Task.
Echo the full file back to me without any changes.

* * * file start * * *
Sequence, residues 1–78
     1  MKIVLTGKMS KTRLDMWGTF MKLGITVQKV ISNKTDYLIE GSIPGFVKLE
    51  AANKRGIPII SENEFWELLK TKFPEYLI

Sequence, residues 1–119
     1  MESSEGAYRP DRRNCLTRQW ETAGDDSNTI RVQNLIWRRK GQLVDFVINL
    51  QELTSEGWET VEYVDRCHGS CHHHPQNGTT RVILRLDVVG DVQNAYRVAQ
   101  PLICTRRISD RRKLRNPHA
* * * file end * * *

Sequence, residues 1–78
     1  MKIVLTGKMS KTRLDMWGTF MKLGITVQKV ISNKTDYLIE GSIPGFVKLE
    51  AANKRGIPII SENEFWELLK TKFPEYLI

Sequence, residues 1–119
     1  MESSEGAYRP DRRNCLTRQW ETAGDDSNTI RVQNLIWRRK GQLVDFVINL
    51  QELTSEGWET VEYVDRCHGS CHHHPQNGTT RVILRLDVVG DVQNAYRVAQ
   101  PLICTRRISD RRKLRNPHA